When politics or economic events unsettle us, there is an immediate increase in demand for offshore investments. Sadly, the demand seems to peak at the same time as the rand reaches maximum weakness. I believe financial planners need a structured approach to offshore allocations so that we can provide real help to our clients rather than short-term emotional comfort that might be very expensive in the long run. In this article I share my approach to this issue – it is not perfect, but it has worked for me.
Declaring vested interests
An article about offshore investments should include a disclosure about any vested interests. Most ethical financial planners are sick of the talking heads who regularly beat the offshore drum simply to stoke fear in South Africa so that these talking heads can get more money into their own offshore funds, property schemes or other financial products. In that spirit, I don’t own any local or global investment products and I don’t promote any property or residence schemes to investors.
Methodology trumps emotion
Psychologists tell us that we need a structured framework for our decisions if we want to be rational in difficult times. I believe it is very difficult to be completely calm and rational when the world seems to be falling apart. Consider how we felt when Zuma fired Nene or when Covid hit the world. In these circumstances, it is perfectly natural to be rattled and emotional.
My best decision-making tool in these times is a pre-determined game plan for investments. For instance, at the start of 2020, I felt that the rand was fair value at R15.50 to the US dollar. If it was stronger than that, it was appropriate to send money overseas if it suited the investor’s strategy. When the rand was nearly R17 to the dollar, I did nothing as I felt the rand was too weak.
My best decision-making tool in these times is a pre-determined game plan for investments.
My second line of defense is to have an agreed offshore allocation for an investor based on their circumstances and objectives. For instance, someone who is retired, plans to live out their days in South Africa and has sufficient (but not excess) capital, should allocate 25% of their money offshore. If someone in a similar stage of life has enough money to leave an inheritance, I would increase the offshore allocation to 50%. Finally, a family with sufficient capital to fund two successive generations should increase the offshore allocation to 75% of assets.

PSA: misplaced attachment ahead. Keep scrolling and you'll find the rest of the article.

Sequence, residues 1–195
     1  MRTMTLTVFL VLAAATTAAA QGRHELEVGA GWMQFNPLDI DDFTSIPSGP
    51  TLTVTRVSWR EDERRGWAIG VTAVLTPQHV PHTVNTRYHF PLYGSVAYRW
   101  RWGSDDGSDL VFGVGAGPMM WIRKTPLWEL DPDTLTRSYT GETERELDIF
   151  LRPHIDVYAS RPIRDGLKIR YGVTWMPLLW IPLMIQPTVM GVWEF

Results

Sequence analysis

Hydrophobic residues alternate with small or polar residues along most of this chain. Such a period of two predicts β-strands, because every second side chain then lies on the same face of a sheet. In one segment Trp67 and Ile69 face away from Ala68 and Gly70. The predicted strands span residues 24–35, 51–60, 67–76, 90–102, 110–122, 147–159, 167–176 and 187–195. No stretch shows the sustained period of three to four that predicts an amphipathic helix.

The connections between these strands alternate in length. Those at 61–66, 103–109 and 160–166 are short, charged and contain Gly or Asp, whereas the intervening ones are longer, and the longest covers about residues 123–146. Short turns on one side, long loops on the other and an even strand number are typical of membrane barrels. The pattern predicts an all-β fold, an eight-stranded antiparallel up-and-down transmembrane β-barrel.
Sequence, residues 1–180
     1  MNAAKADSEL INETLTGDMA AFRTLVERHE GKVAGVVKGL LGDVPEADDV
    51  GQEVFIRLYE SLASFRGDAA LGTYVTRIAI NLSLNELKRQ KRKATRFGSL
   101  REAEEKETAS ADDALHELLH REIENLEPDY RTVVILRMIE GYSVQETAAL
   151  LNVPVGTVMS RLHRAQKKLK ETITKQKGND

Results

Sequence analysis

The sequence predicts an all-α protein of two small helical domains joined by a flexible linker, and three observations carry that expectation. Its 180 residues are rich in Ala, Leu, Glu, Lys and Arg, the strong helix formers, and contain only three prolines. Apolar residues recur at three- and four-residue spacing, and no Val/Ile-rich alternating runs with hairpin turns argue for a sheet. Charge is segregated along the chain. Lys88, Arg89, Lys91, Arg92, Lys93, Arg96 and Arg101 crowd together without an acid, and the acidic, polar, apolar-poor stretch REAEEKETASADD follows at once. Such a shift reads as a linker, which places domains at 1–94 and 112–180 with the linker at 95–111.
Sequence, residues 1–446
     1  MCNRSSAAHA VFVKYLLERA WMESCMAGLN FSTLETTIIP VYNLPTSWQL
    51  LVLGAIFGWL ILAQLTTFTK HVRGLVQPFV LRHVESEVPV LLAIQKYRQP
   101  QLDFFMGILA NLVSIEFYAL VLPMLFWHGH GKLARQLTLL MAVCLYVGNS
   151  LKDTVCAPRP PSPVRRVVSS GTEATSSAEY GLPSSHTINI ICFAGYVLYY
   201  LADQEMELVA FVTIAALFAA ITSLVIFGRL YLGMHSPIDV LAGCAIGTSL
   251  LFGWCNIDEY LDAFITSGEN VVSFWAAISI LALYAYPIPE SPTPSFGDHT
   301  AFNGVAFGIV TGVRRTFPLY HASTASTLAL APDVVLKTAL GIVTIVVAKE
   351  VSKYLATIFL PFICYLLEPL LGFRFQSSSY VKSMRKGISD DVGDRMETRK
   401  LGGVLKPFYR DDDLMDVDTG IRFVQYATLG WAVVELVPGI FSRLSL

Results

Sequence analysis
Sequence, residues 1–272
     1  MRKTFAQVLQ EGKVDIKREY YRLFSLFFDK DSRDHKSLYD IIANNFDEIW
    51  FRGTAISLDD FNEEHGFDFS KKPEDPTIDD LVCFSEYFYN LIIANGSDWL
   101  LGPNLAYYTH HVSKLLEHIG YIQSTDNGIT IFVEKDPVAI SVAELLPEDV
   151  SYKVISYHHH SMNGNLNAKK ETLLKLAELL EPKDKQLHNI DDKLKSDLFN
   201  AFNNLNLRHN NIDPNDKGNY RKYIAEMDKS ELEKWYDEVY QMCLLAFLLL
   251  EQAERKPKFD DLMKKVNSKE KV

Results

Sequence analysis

These are not rigid benchmarks, but they are useful guidelines for me to assist investors with their planning. There are lots of other factors that could change the benchmarks for a specific client, for instance if they are planning to partially live overseas or if their children want to study internationally.
When the rand is in freefall, I always refer to my fair value and the specific offshore allocation for the investor. I use these guidelines to assist the investor with decision-making to avoid mistakes like sending money overseas at the worst possible exchange rates.
It is inevitable that my carefully structured guidelines are tested by clients when markets are volatile.
Methodology is not Gospel
I read with interest a great piece by Jaco van Tonder from NinetyOne (Taking Stock, Spring 2021) where his team tried to determine the ideal offshore allocation for living annuities. They analysed a range of factors including returns, volatility and drawdowns over various time periods from 120 years ago to the last 10 years. The ideal offshore allocation ranged from 30% to 45%. Given the lousy JSE performance from 2010 to 2020 and the great international market returns over the same time, I was surprised by the findings. I don’t doubt the study, it just illustrates that our intuition and our bias to recent history can overwhelm logic.
I try to review and revise my methodology every year, but I do this when markets and politics are relatively calm, so that I am as rational as possible.
Consider a conversation rather than a debate
It is inevitable that my carefully structured guidelines are tested by clients when markets are volatile. When this happens, I try to have a conversation with my clients about their fears, objectives and the various scenarios that might unfold in the future.
I find it very useful to ask questions like, “What would happen to your financial position if we waited a few months before sending more money out?”
In the past, I would have defaulted to showing them some graphs with fair values, PPP or the Big Mac index. However, this strategy was only 50% effective and caused everyone more angst and frustration until the markets had stabilised.
Asking better questions to understand the core issue is proving more successful.